Xi Jinping – China

The biggest and ultimately, perhaps, worst threat of all those in the malevolent league of autocracy is China’s President, Xi Jinping. Xi has apparently amassed sufficient power to exercise virtual control over the ruling party and, through it, the government itself. Some liken it to the control exercised by Mao Tse-tung, the founding father of the People’s Republic of China. In the course of achieving that power he purged existing and potential rivals and, like his counterparts elsewhere, does not tolerate any opposition.

But the real threat was reported in 2019 by the U.S. Department of Defense. “China is increasingly willing to project its military power, grow its armed forces and develop military technology, all with growing negative perceptions of the United States.” And only one man holds that decision in his hand.

Narendra Modi – India

The democratically elected Parliament of India recently passed the Citizenship (Amendment) Act 2019, so perhaps it’s not fair to include Indian Prime Minister Narendra Modi in this compilation of unsavory autocrats. But it’s Modi’s Hindu nationalist Bharatiya Janata Party (BJP), that secured passage of this amendment, which marks the first time in Indian law that religion has been overtly used as a criterion for citizenship. The amendment provides Indian citizenship to immigrants from three neighboring countries, but not if they are Muslim. As might be expected, it’s been widely criticized as discriminatory.

History Speaks

India is a democracy, but there is reason to call attention to Modi now. History tells us that many of the worst despots on the above list were elected in what were then democratic countries. Of particular note, many of these autocrats climbed to positions of power with a call to nationalism. A 1920 post-World War l map would indicate that the defeated authoritarian empires had collapsed. Most remaining European countries were more or less democratic. But as their leaders gained power, they increasingly governed as authoritarians. By the 1930’s, Fascism had taken hold and war loomed on the horizon again.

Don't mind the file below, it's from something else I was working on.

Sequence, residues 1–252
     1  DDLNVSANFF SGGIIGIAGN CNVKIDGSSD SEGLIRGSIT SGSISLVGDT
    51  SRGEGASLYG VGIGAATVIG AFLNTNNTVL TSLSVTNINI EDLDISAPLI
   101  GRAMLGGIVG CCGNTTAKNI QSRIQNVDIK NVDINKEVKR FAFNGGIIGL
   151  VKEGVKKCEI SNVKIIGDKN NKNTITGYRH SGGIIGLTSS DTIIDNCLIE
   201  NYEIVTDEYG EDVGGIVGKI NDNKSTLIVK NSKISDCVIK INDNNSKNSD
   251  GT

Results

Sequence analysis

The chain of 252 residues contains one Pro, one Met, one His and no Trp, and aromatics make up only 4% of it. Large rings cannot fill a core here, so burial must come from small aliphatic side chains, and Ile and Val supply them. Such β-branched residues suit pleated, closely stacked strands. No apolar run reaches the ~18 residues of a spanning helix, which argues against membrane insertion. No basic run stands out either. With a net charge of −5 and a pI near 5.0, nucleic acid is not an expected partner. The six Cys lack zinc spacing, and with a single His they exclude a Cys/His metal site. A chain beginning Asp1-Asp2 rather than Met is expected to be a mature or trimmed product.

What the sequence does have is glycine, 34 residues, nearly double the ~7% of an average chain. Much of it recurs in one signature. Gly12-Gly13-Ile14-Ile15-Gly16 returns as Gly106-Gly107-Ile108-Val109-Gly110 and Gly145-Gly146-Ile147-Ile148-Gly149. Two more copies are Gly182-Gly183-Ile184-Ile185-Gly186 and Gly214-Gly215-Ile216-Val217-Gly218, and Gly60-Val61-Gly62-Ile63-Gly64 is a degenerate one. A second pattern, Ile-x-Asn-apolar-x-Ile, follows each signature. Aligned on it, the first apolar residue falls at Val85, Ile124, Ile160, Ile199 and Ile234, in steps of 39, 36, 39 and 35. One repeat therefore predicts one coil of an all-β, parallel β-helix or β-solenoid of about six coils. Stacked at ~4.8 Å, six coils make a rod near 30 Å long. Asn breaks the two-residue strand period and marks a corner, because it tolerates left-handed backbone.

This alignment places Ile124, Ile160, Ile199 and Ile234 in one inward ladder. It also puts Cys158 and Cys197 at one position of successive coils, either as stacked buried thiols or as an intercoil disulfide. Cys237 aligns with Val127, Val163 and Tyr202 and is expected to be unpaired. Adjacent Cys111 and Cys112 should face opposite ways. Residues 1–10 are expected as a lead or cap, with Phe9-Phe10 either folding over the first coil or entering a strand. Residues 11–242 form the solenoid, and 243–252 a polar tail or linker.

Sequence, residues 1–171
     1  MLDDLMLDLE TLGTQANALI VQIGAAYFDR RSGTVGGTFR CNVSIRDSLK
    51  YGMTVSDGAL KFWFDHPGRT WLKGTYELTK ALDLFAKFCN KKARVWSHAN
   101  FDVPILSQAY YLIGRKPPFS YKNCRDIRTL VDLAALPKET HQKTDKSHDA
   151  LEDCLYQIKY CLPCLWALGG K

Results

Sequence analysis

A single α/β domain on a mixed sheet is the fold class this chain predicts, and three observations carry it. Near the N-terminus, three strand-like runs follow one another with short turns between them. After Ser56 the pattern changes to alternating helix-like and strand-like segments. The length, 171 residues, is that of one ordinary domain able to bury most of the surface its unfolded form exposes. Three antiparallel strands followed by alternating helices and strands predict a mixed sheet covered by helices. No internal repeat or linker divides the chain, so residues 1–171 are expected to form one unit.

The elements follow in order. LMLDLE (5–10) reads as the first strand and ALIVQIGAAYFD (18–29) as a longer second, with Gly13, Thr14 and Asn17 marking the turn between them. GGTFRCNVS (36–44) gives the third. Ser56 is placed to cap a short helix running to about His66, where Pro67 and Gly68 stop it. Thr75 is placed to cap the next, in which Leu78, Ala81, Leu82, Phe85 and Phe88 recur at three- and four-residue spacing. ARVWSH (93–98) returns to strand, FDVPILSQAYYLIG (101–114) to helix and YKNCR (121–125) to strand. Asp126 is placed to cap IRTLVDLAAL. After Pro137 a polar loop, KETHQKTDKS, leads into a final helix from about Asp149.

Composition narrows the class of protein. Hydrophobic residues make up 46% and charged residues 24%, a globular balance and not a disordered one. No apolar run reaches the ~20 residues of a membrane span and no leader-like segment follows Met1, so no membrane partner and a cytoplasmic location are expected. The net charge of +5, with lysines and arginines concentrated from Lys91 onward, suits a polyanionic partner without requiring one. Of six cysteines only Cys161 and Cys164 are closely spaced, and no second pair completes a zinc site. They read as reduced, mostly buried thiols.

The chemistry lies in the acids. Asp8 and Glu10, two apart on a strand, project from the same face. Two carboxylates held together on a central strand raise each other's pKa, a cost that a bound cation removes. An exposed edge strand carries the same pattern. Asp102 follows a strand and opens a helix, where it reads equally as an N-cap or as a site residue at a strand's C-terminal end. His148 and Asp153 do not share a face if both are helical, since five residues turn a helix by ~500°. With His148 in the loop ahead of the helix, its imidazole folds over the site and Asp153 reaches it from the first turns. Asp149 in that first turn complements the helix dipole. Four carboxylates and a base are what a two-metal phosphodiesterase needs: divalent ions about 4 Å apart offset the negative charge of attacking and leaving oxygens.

The world has once again become a dangerous place where one autocrat’s miscalculation can ignite another inferno.

The Nature and Danger of Autocracy

We all take for granted that in a democracy, citizens can speak out and try to persuade their countrymen to join together to oppose and ultimately change their government’s policies. That is not an option in an autocracy. There is no loyal opposition, no dissent, no marches or investigative journalism.  People are motivated by fear, not ideals or opposing viewpoints. Independent ideas are crushed along with their proponents.

That is the nature of autocracy and the authoritarianism it imposes on its country. Given the right political climate, it is the natural sequence of events when one individual, unrestrained by any form of checks or balances, is empowered to make unilateral decisions. Those conditions developed in the 1930’s as Hitler, Mussolini, Hirohito and Stalin dragged the world into a conflagration unmatched in human history. And that is why now, early in the 21st Century, we should be cognizant of the dangerous rise in autocracy in the world around us.

In ordinary times we could expect the leader of one country to step out and lead the world away from this dangerous path. But these are not ordinary times. Our country, the United States, has a president who views himself as a ruler with absolute power, and acts accordingly. He is undeterred by our laws, our shared values, our system of checks and balances, ethics or tradition. He feels empowered to do the outrageous, flaunt corruption and act with only his personal benefit in mind. Moving forward on this path to autocracy is a clear and present danger to the future security and welfare of the United States.

More on this next month.